When it really is your money or your life

This isn’t the first time I’ve talked about EpiPens and, at the rate things are going, it probably won’t be the last.

I just filled a prescription for my son’s epinephrine injectors. If you don’t know what those are, I’m truly happy you’ve never had to experience the reason they’re used. EpiPens, as they’re typically known by their prescription name, are life-saving devices that lessen the severity of allergic reactions. This could mean a reaction to a bee sting, or exposure to peanuts—whatever causes anaphylaxis. In the case of my toddler, it’s dairy and eggs.

If you haven’t heard everything going on in the world of Mylan, the EpiPen manufacturer, you can read my earlier post. Basically, the company increased the cost of the device to an astronomical amount not seen in other developed countries, all while claiming they’re not getting rich off the increase.

I consider myself very blessed that we were able to get several generic epinephrine injectors for free (well…I’m sure our deductible will go up; nothing is truly free, right?) due to a co-pay discount the doctor gave us. But, it got me thinking. What if I didn’t have that discount? Or, what if my deductible was so incredibly high because it has to be—because paying pricey premiums just isn’t feasible—and I, like many Americans, have to come up with the out-of-pocket cost of this life-saving medicine?

I took an average of the current price (with coupon) of EpiPens across the market, and came up with $643.75 per two-pack. Here’s a sample of some of those prices:




Then, I took a look at my finances. Where I’m at, smack dab in the middle of the country, the cost of living is relatively low, so these numbers won’t be the same for everyone. Still, take a look at what $643.75 will buy:

  • 322 loaves of bread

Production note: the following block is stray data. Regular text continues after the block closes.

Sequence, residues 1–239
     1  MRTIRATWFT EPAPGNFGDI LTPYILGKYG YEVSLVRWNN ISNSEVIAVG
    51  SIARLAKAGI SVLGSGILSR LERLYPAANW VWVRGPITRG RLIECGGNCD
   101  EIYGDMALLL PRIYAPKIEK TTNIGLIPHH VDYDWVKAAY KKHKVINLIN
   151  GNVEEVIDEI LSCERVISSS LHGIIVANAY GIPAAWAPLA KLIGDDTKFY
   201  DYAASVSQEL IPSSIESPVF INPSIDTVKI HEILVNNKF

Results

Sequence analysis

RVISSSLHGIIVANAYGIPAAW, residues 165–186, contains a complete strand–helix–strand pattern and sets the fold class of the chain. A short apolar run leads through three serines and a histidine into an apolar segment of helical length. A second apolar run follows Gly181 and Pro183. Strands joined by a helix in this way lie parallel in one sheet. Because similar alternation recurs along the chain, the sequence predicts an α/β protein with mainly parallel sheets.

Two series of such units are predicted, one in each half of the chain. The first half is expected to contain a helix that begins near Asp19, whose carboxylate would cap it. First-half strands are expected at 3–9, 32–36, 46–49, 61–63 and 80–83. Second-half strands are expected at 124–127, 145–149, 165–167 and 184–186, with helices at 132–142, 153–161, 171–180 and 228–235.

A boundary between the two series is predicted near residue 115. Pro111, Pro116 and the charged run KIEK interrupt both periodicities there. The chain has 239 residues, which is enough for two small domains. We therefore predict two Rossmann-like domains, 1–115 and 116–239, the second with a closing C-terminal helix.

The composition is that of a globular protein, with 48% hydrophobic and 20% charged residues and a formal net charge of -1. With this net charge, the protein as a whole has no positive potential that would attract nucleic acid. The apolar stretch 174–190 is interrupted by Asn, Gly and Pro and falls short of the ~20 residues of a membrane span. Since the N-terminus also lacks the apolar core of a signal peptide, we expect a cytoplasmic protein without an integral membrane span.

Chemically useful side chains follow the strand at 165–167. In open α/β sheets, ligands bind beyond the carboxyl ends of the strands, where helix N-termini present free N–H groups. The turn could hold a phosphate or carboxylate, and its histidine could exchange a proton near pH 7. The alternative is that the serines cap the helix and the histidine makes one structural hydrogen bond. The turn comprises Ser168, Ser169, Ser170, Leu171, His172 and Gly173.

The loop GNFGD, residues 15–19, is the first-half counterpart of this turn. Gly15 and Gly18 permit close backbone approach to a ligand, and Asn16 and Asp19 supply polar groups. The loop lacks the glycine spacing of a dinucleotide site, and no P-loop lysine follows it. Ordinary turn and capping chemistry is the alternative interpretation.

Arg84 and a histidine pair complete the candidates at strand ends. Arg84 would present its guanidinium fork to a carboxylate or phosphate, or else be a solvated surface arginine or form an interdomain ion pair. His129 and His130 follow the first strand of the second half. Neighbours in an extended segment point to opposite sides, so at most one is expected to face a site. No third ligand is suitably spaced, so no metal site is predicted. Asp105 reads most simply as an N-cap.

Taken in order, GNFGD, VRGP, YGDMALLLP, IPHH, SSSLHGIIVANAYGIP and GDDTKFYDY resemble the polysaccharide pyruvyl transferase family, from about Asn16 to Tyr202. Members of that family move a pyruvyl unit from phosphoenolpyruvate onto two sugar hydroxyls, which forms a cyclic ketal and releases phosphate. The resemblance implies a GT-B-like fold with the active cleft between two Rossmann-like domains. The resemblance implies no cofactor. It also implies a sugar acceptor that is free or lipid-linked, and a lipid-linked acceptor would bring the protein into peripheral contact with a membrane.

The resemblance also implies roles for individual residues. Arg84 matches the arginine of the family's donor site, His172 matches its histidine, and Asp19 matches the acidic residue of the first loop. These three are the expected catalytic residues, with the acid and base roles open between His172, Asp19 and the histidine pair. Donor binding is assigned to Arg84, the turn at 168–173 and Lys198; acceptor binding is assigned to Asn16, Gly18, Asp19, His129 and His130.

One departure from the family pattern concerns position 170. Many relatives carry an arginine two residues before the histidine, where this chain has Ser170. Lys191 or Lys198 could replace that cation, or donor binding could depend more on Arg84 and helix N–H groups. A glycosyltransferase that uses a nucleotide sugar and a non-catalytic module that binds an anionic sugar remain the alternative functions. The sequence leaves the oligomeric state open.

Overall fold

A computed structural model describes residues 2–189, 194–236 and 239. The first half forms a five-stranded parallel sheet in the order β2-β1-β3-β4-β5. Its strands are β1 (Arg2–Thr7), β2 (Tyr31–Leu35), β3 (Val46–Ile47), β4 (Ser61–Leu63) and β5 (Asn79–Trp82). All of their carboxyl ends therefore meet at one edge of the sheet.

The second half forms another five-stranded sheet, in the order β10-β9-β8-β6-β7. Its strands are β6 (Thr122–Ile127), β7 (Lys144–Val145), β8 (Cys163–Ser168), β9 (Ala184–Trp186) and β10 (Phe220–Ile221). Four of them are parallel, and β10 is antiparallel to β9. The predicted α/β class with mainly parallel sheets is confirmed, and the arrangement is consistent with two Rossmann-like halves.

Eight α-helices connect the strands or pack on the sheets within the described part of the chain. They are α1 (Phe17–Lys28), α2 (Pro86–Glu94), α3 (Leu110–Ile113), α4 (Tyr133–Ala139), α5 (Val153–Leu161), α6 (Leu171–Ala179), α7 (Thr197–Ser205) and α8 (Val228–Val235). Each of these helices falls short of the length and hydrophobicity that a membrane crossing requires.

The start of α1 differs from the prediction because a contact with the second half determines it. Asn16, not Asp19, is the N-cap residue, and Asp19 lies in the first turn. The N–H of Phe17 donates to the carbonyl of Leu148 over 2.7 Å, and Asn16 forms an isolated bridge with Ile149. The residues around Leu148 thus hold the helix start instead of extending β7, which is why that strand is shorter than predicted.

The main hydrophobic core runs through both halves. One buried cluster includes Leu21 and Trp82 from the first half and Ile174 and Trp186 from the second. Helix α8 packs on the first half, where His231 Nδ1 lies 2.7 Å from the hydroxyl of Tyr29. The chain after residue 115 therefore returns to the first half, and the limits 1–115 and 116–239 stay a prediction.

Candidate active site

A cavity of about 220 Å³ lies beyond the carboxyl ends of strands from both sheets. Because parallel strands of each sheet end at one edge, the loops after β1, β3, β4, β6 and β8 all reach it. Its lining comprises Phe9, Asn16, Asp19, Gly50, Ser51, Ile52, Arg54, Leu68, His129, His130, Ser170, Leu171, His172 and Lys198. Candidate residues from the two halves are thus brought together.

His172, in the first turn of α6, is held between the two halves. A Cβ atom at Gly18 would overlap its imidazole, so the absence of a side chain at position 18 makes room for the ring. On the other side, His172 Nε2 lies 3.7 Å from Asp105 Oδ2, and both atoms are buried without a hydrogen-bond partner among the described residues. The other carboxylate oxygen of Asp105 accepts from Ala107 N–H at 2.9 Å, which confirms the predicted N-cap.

• 495 cartons of eggs
  • 161 packages of toilet paper
  • 65 movie tickets
  • 214 gallons of milk

  • 815 bananas
  • 5 months of electric bills
  • 357 gallons of gas — enough to go nearly 9,000 miles


  • 21 pairs of $30 shoes
  • 10 complete outfits ($30 shoes, $20 pants, $10 shirt)
  • 6 1/2 years of Netflix streaming
  • Apartment rent for a month

That last one gets me. Because the sad reality is that some people are faced with such a decision. While some of the comparisons I made are admittedly just luxuries (Netflix, for example), some of those things aren’t. Clothes, food, rent.

If you’re not convinced there’s a problem here, let me explain that experts have confirmed that making an EpiPen—which contains trace amounts of epinephrine, and lots of cheap plastic—doesn’t cost much. In fact, some Silicon Valley engineers just broke down the true cost and came up with $8.02 for a two-pack.


As a reminder, a current EpiPen averages $643.75. With a coupon.

The problem isn’t all with Mylan, the manufacturer. There’s the insurance companies and plenty of third parties who get their cut, proving big medicine is a serious issue in this country.

I recognize that EpiPens aren’t the only life-saving medicine receiving this kind of price hike. Cancer treatment has been notoriously expensive for similar reasons. People who need certain medication to survive will probably do whatever it takes to get those meds. So, why not make a killing—figuratively or literally—off them?

Again, I’m blessed to have received the discount on my son’s medicine. I’m grateful to live in a country where we have medicine to begin with. I don’t take for granted the reality that I can take my son to a prestigious hospital if he has a reaction, and feel secure in the treatment he’d receive.

But, what about those who do have to pay full price? And, what is really going on with the price increase in the first place?

I pray you’ll never have to use an EpiPen. I hope, if you have to buy one, that the $650 spent just wastes away wherever your dusty epinephrine injector sits. Because after a year, they expire. And if it expires, you didn’t have to use it to save your child’s life. And maybe next year, they won’t cost as much a brand new iPhone 7.

Click for large infographic
Click for large infographic




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